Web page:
The rule that computers are becoming easier to use is proven by an exception: printers. Even a basic inkjet machine needs complex installation, and gives precious little feedback about when things are actually set up and working properly. Network s make matters worse: an unfriendly printer can hold up whole groups of people.

Makers of laser printers seem finally to have taken this problem to heart. They are developing "smart printers" controlled by a computer-operating system that "knows" a lot more about each printer.

The operating system in question is Microsoft's upcoming Windows 95. This includes a piece of software called Microsoft At Work, which allows a printer to be controlled directly from the computer. The software is supported by more than 40 office-automation, communications and computer firms. Makers of fax machines, copiers, printers, handheld devices, telephone systems, network services and semiconductor chip sets are joining in.

Instead of simply beeping to tell a computer user to go over to the printer to find out what is wrong, printers will send signals to the PC, alerting users when they need more toner, a fresh sheet of paper, an envelope or anything else.

But there is more. Telephones based on Microsoft At Work will have easy-to-follow graphical point-and-touch screens to replace the complex button-and-code combinations needed today for common tasks such as transferring calls or checking for voice-mail messages.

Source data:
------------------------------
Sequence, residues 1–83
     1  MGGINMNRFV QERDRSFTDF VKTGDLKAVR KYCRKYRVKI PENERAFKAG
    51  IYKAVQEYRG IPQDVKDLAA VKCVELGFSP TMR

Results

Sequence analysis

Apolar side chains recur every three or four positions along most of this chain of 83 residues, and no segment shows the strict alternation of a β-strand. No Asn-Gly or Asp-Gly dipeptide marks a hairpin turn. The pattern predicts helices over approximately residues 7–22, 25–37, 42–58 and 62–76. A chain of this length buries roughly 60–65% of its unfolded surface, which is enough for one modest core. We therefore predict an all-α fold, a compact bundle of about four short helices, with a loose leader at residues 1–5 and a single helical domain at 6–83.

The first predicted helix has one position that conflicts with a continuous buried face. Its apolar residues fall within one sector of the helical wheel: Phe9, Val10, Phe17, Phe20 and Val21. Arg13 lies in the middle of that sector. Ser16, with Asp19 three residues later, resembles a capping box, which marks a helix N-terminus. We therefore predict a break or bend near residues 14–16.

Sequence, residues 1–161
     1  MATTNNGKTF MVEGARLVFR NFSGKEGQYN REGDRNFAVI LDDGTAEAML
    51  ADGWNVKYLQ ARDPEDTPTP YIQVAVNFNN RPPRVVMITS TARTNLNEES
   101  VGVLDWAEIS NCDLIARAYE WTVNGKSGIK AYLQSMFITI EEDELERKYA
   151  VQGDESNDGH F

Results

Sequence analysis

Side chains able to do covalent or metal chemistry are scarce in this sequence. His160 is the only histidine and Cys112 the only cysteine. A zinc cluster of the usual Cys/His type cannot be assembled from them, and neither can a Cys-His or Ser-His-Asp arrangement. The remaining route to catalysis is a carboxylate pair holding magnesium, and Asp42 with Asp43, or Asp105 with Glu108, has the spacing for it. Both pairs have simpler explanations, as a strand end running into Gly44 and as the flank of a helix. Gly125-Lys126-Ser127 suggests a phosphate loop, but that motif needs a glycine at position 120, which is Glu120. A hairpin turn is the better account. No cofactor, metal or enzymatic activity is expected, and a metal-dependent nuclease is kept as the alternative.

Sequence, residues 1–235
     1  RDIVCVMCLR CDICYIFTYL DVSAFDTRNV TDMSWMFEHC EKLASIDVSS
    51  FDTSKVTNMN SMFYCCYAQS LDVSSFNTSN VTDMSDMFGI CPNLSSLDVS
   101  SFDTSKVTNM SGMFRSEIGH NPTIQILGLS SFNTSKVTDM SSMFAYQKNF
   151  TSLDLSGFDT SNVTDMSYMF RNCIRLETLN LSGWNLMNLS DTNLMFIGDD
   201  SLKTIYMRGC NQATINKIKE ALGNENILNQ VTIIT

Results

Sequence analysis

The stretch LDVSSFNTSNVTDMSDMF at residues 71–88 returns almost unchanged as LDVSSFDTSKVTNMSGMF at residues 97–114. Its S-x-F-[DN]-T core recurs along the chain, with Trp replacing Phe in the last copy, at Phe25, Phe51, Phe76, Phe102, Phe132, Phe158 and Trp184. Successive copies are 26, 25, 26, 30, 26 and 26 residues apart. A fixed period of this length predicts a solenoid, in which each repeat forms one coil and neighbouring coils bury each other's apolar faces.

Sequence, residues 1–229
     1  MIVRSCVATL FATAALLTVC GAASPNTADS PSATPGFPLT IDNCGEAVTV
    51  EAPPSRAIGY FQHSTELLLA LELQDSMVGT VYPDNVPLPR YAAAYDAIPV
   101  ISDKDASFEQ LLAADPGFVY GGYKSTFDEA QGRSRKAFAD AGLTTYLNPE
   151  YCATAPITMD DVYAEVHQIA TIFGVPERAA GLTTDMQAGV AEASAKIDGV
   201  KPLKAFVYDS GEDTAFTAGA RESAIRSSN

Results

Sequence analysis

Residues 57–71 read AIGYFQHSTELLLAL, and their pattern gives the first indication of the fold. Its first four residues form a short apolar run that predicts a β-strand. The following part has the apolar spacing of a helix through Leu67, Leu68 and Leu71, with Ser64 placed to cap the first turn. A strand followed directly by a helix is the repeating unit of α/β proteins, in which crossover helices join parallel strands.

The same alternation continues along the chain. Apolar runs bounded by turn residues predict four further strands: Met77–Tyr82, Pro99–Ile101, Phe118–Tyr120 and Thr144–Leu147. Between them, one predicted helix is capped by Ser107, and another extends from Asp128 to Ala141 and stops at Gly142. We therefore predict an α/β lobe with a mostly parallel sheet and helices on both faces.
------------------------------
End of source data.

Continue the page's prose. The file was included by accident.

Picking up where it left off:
New machines are also supposed to be able to work better in combination and with Windows-based personal computers and printers. In future, you will be able to check which photocopiers in your department are low on toner by electronically polling them from your Windows desktop. Telephone systems might include applications that can log billing rates, sort out how to charge calls to the correct clients and create new billing systems. Users will be able to send a message to colleagues, and leave it to Microsoft At Work to send some copies out by e-mail and others by fax.

Because these devices will use a subset of the standard Windows applications program interface (API) to do this, makers of office machines will be able to carry out development work on the PC, downloading programs on to their devices and then storing them on Read Only Memory (Rom) chips. Software updates could be installed by telephone - thereby reducing the cost of service calls.

Devices based on Microsoft At Work will appear as early as this autumn. Which leaves one question: will the much-delayed Windows 95 itself be out by then?

Geoff Wheelwright